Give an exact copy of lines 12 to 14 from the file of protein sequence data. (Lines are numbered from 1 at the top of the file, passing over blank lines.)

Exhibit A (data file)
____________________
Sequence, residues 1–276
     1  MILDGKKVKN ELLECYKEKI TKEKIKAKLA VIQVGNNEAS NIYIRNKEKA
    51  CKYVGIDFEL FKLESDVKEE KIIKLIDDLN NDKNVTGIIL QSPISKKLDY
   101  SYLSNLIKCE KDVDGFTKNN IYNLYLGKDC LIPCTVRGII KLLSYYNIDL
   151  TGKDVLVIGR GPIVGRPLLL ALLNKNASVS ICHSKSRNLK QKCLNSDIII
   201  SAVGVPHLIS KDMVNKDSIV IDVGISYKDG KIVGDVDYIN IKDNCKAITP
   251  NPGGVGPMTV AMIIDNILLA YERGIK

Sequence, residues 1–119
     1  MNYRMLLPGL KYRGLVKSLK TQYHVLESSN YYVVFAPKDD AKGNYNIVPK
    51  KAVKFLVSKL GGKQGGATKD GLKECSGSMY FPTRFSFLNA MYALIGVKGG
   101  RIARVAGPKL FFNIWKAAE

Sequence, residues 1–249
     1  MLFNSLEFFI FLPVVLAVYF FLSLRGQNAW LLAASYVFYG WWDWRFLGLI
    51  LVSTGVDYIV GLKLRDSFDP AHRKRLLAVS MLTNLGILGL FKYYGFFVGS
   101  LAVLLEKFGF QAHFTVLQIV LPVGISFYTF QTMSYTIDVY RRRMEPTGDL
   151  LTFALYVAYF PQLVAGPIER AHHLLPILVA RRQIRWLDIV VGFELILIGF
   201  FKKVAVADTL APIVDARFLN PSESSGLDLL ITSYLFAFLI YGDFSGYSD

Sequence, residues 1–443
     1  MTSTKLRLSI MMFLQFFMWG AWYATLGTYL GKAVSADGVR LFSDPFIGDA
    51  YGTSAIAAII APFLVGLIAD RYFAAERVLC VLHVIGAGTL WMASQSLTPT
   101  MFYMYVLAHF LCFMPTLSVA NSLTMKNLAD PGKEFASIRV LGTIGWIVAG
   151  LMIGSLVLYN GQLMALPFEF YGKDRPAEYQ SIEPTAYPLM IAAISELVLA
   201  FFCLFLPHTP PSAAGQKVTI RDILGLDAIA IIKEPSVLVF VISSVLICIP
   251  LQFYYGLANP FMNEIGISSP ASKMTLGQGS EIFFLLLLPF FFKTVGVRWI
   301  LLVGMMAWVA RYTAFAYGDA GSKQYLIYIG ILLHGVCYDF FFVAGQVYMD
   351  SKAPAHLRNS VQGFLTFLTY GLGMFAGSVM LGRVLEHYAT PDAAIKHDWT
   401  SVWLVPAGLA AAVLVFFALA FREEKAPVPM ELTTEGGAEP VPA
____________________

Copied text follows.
Sequence, residues 1–249
     1  MLFNSLEFFI FLPVVLAVYF FLSLRGQNAW LLAASYVFYG WWDWRFLGLI
    51  LVSTGVDYIV GLKLRDSFDP AHRKRLLAVS MLTNLGILGL FKYYGFFVGS